But for uncompensated 20-somethings, it means one unpaid gig leading to another leading to another. In the arts and media world, the promise is always the same: exposure, experience and the faint glimmer of a paid gig at the end of the tunnel.
The Baffler magazine called out the increasingly exploitative practice as early as 1997, in “Internment Camp.” But courts and labor policy have only just begun to play catch-up.
The tipping point, experts say, was a high-profile 2011 suit against Fox Searchlight Pictures. Eric Glatt and Alex Footman, the plaintiffs, served as unpaid interns on the set of Black Swan in 2009. The two demanded back wages, arguing that their menial tasks—which mostly entailed fetching coffee and lunch orders—legally classified them as paid employees. They faced ridicule and threats that they’d never work in film again
Then, in 2013 a judge ruled that they should have been compensated as employees, and the floodgates opened. A new flurry of lawsuits arrived: against Condé Nast, against Gawker, against MSNBC and Saturday Night Live. When interns at The Nation decided to write a letter to the editor instead of suing, the magazine owned up and agreed to dole out minimum wage.
“When we filed the lawsuit, the media coverage favored ridicule more than respect,” Glatt said. “[Now] the sentiment has completely changed. The attitude about this has completely shifted. People recognize this is a practice that needs to end. Its time has come. More and more people are experiencing firsthand how dysfunctional this system is.”
Lucy Bickerton, a friend of Glatt’s who filed a similar lawsuit against the Charlie Rose show on PBS, where she interned in 2007, shares the sentiment. That case culminated with a classwide settlement amounting to $250,000, which the plaintiff called “a huge victory.”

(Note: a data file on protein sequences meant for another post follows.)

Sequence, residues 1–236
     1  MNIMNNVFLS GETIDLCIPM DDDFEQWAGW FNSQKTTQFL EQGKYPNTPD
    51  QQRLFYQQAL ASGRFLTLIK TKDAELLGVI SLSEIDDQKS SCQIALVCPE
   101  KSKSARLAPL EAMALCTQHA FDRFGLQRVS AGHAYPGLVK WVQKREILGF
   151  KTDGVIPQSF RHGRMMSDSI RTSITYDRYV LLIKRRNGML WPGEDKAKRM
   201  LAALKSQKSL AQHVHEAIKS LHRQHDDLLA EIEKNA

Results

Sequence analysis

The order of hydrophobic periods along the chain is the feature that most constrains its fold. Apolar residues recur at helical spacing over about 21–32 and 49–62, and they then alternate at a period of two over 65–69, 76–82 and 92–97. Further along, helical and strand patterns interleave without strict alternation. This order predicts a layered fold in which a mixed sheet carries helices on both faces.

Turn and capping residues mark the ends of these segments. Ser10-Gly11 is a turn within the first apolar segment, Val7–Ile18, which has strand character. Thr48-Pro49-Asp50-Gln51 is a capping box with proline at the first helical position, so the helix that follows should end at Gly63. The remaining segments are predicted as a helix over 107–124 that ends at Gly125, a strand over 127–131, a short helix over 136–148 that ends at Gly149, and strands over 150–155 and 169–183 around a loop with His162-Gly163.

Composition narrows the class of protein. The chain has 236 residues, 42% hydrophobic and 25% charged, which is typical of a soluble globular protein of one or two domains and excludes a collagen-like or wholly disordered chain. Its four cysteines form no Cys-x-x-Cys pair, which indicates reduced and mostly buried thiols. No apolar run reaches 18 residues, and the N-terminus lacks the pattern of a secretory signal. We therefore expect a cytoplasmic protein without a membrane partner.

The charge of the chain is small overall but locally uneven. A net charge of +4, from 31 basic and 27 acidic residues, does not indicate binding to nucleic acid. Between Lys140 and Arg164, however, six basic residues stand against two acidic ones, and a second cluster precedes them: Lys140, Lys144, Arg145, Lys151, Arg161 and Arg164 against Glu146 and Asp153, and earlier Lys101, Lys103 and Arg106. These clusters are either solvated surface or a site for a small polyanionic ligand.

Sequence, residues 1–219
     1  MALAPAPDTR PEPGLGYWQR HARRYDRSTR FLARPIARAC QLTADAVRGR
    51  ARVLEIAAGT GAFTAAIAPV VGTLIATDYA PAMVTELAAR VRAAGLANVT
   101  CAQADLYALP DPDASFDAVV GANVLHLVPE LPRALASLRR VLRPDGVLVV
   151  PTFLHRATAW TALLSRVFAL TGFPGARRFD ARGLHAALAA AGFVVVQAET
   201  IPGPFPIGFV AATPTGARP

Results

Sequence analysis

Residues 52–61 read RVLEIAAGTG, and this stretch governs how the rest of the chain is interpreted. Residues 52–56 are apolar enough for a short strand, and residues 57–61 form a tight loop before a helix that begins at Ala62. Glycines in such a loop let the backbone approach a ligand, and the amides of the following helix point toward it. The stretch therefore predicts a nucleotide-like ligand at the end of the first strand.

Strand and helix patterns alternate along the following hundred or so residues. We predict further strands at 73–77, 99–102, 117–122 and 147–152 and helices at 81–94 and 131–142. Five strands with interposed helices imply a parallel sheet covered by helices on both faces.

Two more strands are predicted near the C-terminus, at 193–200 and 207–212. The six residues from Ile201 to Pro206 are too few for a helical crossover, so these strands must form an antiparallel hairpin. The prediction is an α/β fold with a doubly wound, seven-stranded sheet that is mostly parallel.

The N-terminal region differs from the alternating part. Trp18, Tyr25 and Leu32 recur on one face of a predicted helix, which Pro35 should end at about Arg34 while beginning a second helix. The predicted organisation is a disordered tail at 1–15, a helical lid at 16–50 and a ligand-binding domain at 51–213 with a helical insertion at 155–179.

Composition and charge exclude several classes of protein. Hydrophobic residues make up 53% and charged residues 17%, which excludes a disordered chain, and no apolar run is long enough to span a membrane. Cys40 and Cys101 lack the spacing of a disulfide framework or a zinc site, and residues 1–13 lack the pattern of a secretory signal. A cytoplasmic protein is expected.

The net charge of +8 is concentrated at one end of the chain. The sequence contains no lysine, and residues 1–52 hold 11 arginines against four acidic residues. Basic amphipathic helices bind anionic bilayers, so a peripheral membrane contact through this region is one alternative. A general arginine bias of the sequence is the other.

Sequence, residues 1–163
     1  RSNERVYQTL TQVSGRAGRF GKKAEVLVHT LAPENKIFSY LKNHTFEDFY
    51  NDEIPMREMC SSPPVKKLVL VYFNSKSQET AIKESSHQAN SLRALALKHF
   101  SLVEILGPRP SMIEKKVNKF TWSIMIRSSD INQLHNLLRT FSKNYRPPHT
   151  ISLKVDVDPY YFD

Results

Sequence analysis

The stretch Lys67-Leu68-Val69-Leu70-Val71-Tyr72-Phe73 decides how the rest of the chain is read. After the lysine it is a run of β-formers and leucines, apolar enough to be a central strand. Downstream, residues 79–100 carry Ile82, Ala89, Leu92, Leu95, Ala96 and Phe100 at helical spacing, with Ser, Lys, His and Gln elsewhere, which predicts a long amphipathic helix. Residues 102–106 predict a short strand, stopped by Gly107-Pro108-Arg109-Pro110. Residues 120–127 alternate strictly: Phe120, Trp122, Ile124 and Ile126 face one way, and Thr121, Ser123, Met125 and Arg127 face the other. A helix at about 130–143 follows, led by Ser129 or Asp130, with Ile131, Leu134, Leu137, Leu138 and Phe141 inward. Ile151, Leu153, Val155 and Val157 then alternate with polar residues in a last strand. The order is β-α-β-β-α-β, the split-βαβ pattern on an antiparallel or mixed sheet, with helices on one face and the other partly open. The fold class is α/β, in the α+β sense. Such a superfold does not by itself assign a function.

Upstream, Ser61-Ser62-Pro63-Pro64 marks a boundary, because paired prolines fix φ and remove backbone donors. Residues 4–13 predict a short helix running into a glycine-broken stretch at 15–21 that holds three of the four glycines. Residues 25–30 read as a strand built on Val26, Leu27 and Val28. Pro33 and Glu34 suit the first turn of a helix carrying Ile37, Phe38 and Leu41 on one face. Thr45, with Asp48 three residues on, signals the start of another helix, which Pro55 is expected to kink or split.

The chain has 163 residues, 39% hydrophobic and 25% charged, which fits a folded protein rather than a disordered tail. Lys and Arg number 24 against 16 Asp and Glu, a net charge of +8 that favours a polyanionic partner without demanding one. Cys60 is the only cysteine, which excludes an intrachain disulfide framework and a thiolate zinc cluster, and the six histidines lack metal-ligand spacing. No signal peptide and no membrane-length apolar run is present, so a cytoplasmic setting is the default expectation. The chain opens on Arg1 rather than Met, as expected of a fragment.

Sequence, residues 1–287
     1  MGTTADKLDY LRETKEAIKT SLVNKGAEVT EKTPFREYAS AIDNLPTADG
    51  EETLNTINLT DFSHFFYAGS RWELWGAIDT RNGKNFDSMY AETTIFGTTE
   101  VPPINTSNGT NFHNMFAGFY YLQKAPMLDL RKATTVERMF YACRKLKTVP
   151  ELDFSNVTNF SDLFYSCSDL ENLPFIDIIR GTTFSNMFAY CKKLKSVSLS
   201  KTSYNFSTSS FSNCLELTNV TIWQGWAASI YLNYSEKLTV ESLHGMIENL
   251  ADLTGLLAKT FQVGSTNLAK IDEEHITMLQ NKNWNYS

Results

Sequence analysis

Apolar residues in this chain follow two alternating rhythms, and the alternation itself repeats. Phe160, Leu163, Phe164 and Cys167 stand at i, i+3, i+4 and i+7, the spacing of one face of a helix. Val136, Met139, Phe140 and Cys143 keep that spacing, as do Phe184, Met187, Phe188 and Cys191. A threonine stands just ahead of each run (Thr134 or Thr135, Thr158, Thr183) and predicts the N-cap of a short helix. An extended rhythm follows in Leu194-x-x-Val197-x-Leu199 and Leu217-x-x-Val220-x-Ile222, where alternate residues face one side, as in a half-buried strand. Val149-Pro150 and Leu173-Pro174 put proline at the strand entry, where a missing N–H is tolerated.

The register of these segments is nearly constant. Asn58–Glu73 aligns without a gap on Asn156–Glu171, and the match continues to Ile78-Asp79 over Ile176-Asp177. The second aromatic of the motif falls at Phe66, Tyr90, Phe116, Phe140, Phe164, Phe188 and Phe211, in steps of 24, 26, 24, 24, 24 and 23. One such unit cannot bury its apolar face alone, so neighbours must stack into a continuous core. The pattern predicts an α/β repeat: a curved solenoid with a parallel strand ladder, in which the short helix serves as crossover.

“I never really thought it would go anywhere, honestly,” Bickerton told Newsweek. “The fact that it has really managed to do a lot and produce positive results is so heartening and really incredible.”
Doesn’t she worry the lawsuit will brand her as unemployable? She doesn’t: “If anyone has a problem with that as a potential employer, then they’re probably breaking some laws themselves.”
For arts and media organizations, the effects of the great intern revolt, as it’s been dubbed, have been mixed. Companies as high-profile as the New York Times Co. have been successfully pressured into paying all interns minimum wages. Others, like Condé Nast, have responded to lawsuits by doing away with the programs altogether.
But for labor-minded law firms, the results are less ambiguous. This is a burgeoning realm of employment law, and Virginia & Ambinder seems well positioned to take the lead. The WMG suit isn’t even the latest. Since then, the law firm has targeted Clear Channel, Atlas Media and others. Another leading firm, Outten & Golden, has represented suits against Charlie Rose, Condé Nast and Hearst and is reported to have set its sights on Vice Media.
“Our hope with these cases is that companies wake up and start paying their interns and realize the value of interns,” Suzanne Leeds, an associate at Virginia & Ambinder, told Newsweek. “You’re getting people like Kyle [Grant] who are really passionate about the industry, desperate to get their foot in the door. You’re getting really good workers, and they deserve to be paid.”
Meanwhile, the ex-interns themselves have moved on. Bickerton entered a post-bac pre-med program. Glatt just finished up his second year of law school.
More than a year removed from his internship, Kyle Grant has started taking classes again. He has an apartment. He’s building up his homespun label, Live.Out.Ur.Dreams Entertainment Worldwide (L*O*U*D).
He still has his Warner Music badge—a prized possession—but he’s learned not to place too much trust in the unpaid labor economy.
“There’s a lot of people that want to be in the music industry,” Grant said. “And the doors, they don’t really open. When they do, when [they] did for me, it was the biggest opportunity of my life. And it was taken away because I didn’t get people’s lunches promptly or whatever it was.
“That should be fixed,” he said.